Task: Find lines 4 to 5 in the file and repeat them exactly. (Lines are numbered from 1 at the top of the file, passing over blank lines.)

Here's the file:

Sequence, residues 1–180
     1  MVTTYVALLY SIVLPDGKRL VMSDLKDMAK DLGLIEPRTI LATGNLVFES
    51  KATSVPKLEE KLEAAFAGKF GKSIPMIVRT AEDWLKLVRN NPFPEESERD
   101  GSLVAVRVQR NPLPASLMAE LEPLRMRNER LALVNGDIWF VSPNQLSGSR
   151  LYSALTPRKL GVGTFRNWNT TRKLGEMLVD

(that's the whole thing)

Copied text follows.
   101  GSLVAVRVQR NPLPASLMAE LEPLRMRNER LALVNGDIWF VSPNQLSGSR
   151  LYSALTPRKL GVGTFRNWNT TRKLGEMLVD